The first toy trains were made from lead and had no moving parts. Some had wheels that turned, but these had to be pushed or pulled. A few of the early 19th-century push toy rails were made of tinplate, like the big, durable, stylized locomotive toys from the U.S., which were painted red and gold and decorated with hearts and flowers. model trains logging
Around 1875, technological improvements in materials and manufacturing enabled tin to be stamped, cut, wrapped, and lithographed faster than previously.
Toy trains were altered when Märklina German firm that specialized in doll house accessories, sought to make an equal toy for boys in which a continuous revenue stream could be ensured by purchasing add-on accessories for decades after the first purchase. Along with boxed sets containing a train and monitor, Märklin offered additional track, rolling stock, and buildings sold separately, creating the predecessor to the modern model train layout featuring buildings and scenery along with a working train.
Electric trains adopted, with the first appearing in 1897, made from the U.S. company Carlisle & Finch. As residential use of power became more common from the early 20th century, electric trains gained popularity and as time went on, these electric trains grew in sophistication, gaining light, the ability to change management, to emit a whistling noise, to smoke, to couple and uncouple cars and even load and unload freight. Toy trains from the first half of the 20th century were frequently made of lithographed tin; later trains were frequently made mainly of plastic.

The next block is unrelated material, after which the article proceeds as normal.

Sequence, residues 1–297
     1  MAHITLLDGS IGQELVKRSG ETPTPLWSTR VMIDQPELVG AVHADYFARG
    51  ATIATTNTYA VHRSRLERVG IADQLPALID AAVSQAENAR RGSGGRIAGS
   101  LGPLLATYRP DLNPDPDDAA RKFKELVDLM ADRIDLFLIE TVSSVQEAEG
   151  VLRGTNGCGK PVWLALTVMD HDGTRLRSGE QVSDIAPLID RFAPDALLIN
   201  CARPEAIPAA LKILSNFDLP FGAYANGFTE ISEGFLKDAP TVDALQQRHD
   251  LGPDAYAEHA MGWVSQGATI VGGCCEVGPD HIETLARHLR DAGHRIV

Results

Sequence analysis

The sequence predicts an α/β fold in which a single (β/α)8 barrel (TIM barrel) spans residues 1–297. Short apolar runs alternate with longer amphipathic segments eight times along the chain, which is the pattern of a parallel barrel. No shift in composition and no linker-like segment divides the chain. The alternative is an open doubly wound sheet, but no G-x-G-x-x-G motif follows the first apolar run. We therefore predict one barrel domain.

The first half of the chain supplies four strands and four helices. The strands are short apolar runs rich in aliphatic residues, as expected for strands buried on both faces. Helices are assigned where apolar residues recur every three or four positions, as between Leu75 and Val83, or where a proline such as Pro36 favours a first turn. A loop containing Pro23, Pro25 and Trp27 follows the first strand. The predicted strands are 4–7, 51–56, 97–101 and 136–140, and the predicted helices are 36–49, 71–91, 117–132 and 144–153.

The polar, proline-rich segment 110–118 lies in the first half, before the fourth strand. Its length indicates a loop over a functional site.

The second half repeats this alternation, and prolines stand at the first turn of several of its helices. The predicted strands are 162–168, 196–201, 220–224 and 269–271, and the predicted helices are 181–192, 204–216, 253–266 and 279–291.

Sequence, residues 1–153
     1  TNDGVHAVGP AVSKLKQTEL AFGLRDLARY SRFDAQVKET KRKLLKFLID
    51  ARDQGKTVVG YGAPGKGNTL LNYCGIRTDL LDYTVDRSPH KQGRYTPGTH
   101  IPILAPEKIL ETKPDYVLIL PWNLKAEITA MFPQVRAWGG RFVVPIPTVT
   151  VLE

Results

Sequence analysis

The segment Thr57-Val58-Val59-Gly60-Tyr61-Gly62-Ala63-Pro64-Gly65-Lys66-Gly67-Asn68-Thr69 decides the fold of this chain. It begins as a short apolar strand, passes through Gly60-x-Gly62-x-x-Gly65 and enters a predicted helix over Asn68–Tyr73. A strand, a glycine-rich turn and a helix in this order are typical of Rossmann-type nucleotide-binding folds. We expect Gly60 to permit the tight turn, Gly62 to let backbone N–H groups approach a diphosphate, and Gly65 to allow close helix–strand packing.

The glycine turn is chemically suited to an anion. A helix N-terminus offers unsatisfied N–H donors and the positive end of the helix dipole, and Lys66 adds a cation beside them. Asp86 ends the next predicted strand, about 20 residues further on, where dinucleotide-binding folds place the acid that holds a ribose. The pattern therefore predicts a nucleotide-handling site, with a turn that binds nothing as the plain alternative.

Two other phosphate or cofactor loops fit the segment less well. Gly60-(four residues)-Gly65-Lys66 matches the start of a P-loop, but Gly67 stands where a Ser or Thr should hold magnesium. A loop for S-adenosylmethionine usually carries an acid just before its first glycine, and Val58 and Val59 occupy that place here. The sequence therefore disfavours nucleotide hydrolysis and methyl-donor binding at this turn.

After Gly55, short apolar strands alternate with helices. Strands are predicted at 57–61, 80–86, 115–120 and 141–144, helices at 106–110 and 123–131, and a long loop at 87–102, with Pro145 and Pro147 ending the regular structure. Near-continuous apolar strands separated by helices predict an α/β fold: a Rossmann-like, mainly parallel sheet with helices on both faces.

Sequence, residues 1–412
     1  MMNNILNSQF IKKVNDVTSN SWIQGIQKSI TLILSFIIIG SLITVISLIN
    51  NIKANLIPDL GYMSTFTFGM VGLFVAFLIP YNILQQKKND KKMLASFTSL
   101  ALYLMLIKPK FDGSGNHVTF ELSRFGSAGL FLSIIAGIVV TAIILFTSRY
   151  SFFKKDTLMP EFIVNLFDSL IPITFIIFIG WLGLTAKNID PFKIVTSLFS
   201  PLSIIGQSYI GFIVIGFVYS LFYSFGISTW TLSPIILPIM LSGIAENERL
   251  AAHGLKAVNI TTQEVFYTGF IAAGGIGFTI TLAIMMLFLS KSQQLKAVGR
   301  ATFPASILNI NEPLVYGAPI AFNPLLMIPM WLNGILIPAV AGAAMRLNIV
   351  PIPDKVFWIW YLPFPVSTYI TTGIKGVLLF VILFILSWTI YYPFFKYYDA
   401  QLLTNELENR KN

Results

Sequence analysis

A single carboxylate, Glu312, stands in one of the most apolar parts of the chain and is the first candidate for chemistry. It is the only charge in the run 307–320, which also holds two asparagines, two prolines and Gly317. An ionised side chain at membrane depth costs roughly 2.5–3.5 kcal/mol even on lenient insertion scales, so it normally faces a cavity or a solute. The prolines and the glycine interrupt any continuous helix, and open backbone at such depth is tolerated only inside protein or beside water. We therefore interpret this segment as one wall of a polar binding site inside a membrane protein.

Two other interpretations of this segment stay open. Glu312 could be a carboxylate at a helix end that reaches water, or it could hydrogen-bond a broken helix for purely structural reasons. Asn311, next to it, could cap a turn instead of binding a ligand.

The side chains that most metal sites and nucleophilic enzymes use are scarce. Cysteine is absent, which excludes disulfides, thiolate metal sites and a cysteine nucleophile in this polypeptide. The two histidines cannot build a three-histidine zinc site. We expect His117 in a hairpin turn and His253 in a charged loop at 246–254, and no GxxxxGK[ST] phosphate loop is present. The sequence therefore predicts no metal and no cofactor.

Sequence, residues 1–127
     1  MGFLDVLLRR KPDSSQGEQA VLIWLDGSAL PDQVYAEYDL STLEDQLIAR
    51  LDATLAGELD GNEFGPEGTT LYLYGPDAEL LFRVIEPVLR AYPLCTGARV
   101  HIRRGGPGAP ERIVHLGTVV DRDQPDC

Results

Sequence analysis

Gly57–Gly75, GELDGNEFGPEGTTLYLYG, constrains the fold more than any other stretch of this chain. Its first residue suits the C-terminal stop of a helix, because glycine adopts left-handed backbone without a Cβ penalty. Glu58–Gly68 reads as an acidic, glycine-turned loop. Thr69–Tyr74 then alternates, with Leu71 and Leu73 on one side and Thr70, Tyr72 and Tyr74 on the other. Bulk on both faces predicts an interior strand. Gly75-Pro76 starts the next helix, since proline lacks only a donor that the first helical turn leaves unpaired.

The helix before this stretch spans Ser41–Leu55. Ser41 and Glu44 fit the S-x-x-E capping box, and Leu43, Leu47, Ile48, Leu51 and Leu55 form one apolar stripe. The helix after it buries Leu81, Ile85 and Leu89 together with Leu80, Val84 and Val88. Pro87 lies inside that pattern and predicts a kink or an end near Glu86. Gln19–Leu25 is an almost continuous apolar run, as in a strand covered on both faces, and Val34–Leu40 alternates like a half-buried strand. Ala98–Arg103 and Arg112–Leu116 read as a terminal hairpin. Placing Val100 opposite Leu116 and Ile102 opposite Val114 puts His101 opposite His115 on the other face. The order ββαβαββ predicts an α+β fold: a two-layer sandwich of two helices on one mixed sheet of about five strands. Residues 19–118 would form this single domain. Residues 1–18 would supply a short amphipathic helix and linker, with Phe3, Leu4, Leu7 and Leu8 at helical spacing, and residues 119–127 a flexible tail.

Before the 1950s, there was little differentiation between toy trains and model railroads–model railroads were toys by definition. Pull toys and wind-up trains were marketed towards children, while electrical trains were marketed towards teens, especially teenaged boys.
Consumer interest in trains as toys waned in the late 1950s, but has undergone resurgence since the late 1990s due in large part to the popularity of Thomas the Tank Engine.
Today, S gauge and O gauge railroads are still considered toy trains even by their adherents and are often accessorized with semi-scale model buildings by Plasticville or even K-Line (who owns the rights to the Plasticville-like buildings created by Marx in the 1950s to the 1970s). However, as a result of their high cost, one is more inclined to locate an HO scale or N scale train set at a toy shop than an O scale collection.
Many modern electrical toy trains comprise sophisticated electronics that exude digitized sound effects and allow the operator to securely and easily run multiple remote control trains on one loop of track. In the last few decades, many toy rail operators may operate a train using a TV camera at the front part of the motor and hooked up to a display, such as computer monitor. This will show an image, like that of a real (smaller size) railroad)
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